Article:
Winnetka Manor Sells for 43 Times Its 1952 Purchase Price
List Price: $4.9 million
Sale Price: $4.625 million
The Property: The sellers of this English country home in Winnetka got only 88 percent of the $5.2 million that they had originally asked for the place—but that’s still at least 43 times what their parents had paid for it in 1952.
The 12-room house on a secluded 3.1 acres in western Winnetka has many handcrafted details inside, including hefty wood beams and hand-scraped wood floors throughout and a wood-paneled ceiling and leaded glass windows in the very large living room. There is also one interior door that, according to Lois Anderson—the trustee of the house for her parents in the December 2010 sale—has been authenticated as dating to the 1700s. The house has six bedrooms, five fireplaces, and a separate coach house.
It was designed by Edwin H. Clark, the architect of many landmark buildings in Chicago and the suburbs, including the Waveland Field House, on the North Side lakefront, the Hinsdale Memorial Building, and the original buildings at the Brookfield Zoo. The house’s original owner was Dudley Cates, a Chicago executive who served as a top administrator with the Depression-era National Recovery Administration. Cates built the house on almost eight acres, but in 1951, he put more than half of the land up for sale separate from the house, according to records at the Winnetka Historical Society. “My parents didn’t think they could afford the [extra] land when they were already buying [Cates’s] rather large house,” Anderson says.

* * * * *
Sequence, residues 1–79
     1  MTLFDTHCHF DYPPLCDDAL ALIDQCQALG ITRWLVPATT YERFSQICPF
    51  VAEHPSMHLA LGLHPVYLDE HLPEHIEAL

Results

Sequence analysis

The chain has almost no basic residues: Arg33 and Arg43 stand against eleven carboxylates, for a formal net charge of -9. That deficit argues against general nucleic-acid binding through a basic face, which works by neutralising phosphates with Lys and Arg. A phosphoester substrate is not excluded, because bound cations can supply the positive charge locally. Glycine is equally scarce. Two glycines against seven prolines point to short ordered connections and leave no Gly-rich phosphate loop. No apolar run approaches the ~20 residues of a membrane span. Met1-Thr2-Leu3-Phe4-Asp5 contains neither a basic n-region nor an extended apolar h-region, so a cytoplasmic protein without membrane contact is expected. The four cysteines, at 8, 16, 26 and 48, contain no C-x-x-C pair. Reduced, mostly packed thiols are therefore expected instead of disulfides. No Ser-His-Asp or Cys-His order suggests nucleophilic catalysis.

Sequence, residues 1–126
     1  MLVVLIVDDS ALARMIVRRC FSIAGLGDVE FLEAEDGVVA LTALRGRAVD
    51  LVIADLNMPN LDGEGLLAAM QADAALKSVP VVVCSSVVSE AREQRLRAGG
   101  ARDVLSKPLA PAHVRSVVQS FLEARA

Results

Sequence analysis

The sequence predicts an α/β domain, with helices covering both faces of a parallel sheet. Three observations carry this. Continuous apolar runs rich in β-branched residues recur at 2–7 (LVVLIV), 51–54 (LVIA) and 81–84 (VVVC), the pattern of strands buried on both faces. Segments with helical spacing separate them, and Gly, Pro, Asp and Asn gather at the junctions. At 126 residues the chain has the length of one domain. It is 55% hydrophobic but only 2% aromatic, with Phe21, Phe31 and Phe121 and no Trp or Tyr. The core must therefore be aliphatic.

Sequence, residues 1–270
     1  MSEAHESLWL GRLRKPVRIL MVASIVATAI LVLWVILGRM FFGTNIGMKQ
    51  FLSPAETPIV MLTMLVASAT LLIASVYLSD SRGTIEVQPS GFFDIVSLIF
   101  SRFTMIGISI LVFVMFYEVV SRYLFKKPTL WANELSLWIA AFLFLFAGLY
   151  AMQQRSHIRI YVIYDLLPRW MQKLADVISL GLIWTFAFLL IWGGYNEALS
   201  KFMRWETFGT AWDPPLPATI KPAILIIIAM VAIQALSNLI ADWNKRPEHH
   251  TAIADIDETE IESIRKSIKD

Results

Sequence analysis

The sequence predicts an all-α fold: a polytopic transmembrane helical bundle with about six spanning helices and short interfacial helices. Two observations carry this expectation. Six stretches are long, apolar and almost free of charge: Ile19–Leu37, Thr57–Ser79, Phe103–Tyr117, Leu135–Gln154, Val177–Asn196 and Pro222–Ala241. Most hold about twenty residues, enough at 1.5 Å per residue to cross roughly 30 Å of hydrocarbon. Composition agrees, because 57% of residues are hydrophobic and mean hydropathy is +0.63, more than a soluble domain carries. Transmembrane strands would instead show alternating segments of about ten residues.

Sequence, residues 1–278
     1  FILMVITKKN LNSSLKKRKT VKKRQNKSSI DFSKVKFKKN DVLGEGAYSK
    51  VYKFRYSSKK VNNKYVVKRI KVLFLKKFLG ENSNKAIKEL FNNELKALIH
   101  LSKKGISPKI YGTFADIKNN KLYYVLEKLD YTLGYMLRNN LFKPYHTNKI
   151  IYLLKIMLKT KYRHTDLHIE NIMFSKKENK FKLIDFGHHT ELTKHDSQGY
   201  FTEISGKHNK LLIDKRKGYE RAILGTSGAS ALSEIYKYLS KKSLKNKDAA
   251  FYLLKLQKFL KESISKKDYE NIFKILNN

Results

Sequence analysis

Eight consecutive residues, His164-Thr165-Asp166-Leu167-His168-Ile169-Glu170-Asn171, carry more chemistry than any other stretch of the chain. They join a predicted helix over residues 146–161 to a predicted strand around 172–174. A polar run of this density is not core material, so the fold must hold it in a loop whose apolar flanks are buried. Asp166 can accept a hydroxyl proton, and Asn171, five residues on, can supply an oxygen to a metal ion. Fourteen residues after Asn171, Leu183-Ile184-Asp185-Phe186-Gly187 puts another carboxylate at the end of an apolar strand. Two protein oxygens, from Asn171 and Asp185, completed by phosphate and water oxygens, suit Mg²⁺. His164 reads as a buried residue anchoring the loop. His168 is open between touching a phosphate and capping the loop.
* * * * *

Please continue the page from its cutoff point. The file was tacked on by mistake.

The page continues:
Anderson lives in Minnesota and is one of four daughters of the late George Everitt, who retired as chairman of Merchandise National Bank, and his widow, Barbara Everitt. Their daughter says that lore about the house traces some paneling to an old English abbey and several of the woodcarvings to centuries-old English homes. She was seven when the family moved in, and she recalls that she and her sisters “looked everywhere for secret passages, but there weren’t any.” When an original marble countertop in the kitchen was replaced, she says, her father broke it up to make permanent bases for a softball diamond out back. “We played a lot of softball, and we ran with our two collies in the meadow,” she recalls. “My parents spent much of the summer on our tennis court.”
George Everitt died in late 2009; his family put the house on the market in February 2010 with an asking price of $5.2 million, later lowering that to $4.9 million. The buyers, who closed on the sale in late December, are not yet identified in public records. Anderson suggests they may have to do some renovation: “The last time my parents did any updating was in the 1970s,” she says.
Price Points: I could not determine what the Everitts paid for the house, only Cates’s asking price: $107,500 (he had dropped it from $125,000). Assuming the Everitts paid what Cates was asking, the latest buyers paid 43 times more than the Everitts did for the house—though it’s only fair to point out that the Everitts spent the equivalent of $938,580 in 2010 dollars.
Listing Agent: Chris Downey of Koenig & Strey Real Living; 847-784-3045